Fr. René Butler MS - Birth of John the Baptist -...
Called from Birth(Birth of John the Baptist: Isaiah 49:1-6; Acts 13:22-26: Luke 1: 57-77, 80)Elizabeth’s neighbors and relatives wondered what her child would be. Now we know his story. His role was to go before the Lord to prepare his ways. He was well aware of... Czytaj więcej
Fr. René Butler MS - Eleventh Sunday in Ordinary...
God’s Work(Eleventh Sunday in Ordinary Time: Ezekiel 17:22-24; 2 Corinthians 5:6-10; Mark 4:26-34)A farmer’s wife once told me that the only legalized form of gambling in her state was farming. Jesus, on the other hand, presents farming as an act of faith.... Czytaj więcej
Decisions of the General Chapter 2018
Rome, May 20, 2018 Feast of Pentecost Dear Confreres, It is with much joy that I present to you the text of the decisions elaborated and approved by the General Chapter 2018, which was held in the city of Las Termas del Rio Hondo (Santiago del Estero,... Czytaj więcej
Fr. René Butler MS - Tenth Sunday in Ordinary...
Brother, Sister, Mother(Tenth Sunday in Ordinary Time: Genesis 3:9-15; 2 Corinthians 4:13—15:1; Mark 3:20-35)We have a strange Gospel today. Jesus’ relatives thought he was out of his mind. The Scribes said he was possessed. Jesus responded with a... Czytaj więcej
prev
next

Sanctuaries most visited

Fr. Rene Butler MS - Epiphany - Epiphanies

Epiphanies
(Epiphany: Isaiah 60:1-6; Ephesians 3:2-6; Matthew 2:1-12)
For Christians, the word Epiphany has a limited, specific meaning. If you look it up in a dictionary of Ancient Greek, you might be surprised to see how many meanings it has. Examples include: what something looks like; when something or someone comes into view; what is visible on the surface; the sensation created by someone. In short, something or someone is seen or noticed.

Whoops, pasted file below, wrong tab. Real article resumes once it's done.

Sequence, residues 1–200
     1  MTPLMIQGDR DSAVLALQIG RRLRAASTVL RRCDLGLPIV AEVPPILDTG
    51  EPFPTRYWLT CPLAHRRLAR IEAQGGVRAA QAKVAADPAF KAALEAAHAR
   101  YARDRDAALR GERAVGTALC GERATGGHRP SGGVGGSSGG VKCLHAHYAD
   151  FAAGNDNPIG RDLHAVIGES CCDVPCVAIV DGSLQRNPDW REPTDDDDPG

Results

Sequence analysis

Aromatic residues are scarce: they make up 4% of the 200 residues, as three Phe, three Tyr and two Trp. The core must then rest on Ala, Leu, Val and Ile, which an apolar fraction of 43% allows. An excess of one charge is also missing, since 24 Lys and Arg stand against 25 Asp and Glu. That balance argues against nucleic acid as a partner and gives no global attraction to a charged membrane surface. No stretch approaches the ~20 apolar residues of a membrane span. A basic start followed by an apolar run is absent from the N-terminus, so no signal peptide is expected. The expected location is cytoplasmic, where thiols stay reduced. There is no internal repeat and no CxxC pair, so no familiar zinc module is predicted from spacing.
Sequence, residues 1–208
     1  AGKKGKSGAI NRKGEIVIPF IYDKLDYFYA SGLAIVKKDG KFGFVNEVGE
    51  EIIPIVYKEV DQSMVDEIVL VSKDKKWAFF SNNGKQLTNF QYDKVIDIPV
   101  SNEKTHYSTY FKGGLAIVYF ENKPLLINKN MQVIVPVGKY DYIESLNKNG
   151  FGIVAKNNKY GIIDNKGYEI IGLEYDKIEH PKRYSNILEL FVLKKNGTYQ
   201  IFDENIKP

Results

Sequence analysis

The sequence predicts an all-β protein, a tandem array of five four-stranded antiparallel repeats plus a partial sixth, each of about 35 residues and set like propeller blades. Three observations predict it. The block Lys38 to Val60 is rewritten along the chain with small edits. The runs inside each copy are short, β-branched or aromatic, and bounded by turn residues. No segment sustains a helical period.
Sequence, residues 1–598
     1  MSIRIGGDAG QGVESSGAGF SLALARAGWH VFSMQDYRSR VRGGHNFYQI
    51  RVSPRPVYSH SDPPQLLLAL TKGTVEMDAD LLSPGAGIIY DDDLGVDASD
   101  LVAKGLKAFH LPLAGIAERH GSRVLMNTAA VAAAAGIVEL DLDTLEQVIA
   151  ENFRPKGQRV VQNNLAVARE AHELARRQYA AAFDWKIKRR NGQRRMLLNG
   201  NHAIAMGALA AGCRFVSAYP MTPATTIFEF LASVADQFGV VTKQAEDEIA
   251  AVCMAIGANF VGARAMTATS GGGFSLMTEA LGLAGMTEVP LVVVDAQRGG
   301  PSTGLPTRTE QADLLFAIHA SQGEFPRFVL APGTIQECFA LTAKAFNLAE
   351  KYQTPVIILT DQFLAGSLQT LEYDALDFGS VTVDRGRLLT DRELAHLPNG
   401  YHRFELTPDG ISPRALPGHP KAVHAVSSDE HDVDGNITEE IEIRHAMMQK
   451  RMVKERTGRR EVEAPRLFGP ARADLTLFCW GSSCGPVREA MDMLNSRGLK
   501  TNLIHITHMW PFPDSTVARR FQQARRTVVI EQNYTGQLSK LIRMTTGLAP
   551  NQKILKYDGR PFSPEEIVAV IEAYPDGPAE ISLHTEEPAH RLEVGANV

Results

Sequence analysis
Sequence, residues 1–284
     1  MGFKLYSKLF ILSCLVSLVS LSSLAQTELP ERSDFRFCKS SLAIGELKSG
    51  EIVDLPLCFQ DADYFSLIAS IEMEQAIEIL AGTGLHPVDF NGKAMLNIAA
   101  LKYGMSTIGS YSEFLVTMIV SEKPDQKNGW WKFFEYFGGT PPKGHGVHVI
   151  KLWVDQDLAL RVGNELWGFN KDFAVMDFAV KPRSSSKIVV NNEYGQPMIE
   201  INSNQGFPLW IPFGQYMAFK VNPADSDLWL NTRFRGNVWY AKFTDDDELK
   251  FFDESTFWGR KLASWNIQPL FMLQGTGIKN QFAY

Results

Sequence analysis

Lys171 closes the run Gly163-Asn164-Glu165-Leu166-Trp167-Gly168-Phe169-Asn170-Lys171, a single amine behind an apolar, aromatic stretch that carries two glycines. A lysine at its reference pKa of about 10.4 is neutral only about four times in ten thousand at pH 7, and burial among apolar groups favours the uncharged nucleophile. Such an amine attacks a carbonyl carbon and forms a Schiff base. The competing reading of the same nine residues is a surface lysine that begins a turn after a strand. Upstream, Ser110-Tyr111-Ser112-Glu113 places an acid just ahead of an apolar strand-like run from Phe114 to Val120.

The Magi created a sensation when they arrived in Jerusalem. Before that, they saw a star come into view. They received an epiphany and then became one themselves when they appeared on the scene.
Another translation of the Greek word is simply Appearance, interchangeable with Apparition.
At La Salette, the bright globe of light the children first noticed revealed within itself a woman seated, her face in her hands, weeping. Thus begins the story of her epiphany, her Apparition. Mélanie and Maximin described what they saw. This created a sensation. We could paraphrase the words of the Gospel and say: The mayor was greatly troubled, and all the region around La Salette with him. And, like Herod, local authorities tried to hush everything up.
Epiphanies are not restricted to visual phenomena, however. Just as we say, “I see,” meaning “I understand,” there is more to an epiphany than meets the eye.
This is why we devote more attention to the message of the Beautiful Lady than to her appearance; why we study the history of the event, before and after September 19, 1846; why the lives of the two children matter; and why the Apparition is still an epiphany today.
Isaiah, as a prophet, experienced many epiphanies. St. Paul experienced one, on the Road to Damascus. As a result, both proclaimed the inclusion of the Gentiles in God’s plan of salvation: “Nations shall walk by your light;” “The Gentiles are coheirs… copartners in the promise in Christ Jesus.”
The Magi represented the Nations. They walked by the light of a star which changed their lives.
As long as La Salette remains an epiphany, it will have the power to change lives.

Sign in with Google+ Subscribe on YouTube Subscribe to RSS Upload to Flickr

Missionaries in USA

Login >>> ELENCHUS

Go to top